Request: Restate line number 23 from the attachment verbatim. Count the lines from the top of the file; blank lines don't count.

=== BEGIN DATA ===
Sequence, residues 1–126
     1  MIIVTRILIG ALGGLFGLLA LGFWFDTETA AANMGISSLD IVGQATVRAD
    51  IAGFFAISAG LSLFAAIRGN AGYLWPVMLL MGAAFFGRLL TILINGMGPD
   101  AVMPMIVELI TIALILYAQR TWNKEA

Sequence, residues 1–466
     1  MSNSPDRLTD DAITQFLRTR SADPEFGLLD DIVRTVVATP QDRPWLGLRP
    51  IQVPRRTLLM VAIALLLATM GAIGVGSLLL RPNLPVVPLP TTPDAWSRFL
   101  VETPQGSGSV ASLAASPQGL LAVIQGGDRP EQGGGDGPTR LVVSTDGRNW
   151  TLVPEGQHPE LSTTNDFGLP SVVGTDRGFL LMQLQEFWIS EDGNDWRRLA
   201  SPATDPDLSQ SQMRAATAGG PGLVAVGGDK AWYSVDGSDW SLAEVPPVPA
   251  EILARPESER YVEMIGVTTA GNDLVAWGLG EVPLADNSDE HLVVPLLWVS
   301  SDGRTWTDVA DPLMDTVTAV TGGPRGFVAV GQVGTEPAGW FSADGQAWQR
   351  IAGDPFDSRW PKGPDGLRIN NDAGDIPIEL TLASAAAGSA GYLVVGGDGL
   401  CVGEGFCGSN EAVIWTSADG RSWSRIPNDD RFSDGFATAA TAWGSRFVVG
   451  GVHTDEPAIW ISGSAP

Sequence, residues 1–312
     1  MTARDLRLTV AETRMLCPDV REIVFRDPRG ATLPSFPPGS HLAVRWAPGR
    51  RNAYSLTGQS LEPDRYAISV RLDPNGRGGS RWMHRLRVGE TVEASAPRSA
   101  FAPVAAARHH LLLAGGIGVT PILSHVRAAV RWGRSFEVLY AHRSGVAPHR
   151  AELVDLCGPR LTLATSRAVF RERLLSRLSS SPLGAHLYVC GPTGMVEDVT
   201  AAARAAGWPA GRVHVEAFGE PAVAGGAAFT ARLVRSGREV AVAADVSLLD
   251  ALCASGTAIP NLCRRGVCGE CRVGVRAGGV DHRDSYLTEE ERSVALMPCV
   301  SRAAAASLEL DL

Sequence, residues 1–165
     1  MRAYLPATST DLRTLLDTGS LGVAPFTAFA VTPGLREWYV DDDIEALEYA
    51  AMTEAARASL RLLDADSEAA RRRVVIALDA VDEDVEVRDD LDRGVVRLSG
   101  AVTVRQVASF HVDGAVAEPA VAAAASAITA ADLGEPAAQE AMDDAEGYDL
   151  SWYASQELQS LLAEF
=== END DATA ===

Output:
   301  SRAAAASLEL DL